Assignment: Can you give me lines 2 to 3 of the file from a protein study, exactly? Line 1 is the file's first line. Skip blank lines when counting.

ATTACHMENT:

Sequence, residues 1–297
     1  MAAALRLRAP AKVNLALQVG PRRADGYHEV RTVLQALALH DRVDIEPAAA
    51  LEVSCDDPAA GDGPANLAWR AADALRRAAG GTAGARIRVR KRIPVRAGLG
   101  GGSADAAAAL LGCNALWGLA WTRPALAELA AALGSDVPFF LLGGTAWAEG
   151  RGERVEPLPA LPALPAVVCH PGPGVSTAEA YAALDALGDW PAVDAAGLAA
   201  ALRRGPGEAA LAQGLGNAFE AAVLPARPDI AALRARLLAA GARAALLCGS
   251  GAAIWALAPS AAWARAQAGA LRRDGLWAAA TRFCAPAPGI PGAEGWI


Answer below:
     1  MAAALRLRAP AKVNLALQVG PRRADGYHEV RTVLQALALH DRVDIEPAAA
    51  LEVSCDDPAA GDGPANLAWR AADALRRAAG GTAGARIRVR KRIPVRAGLG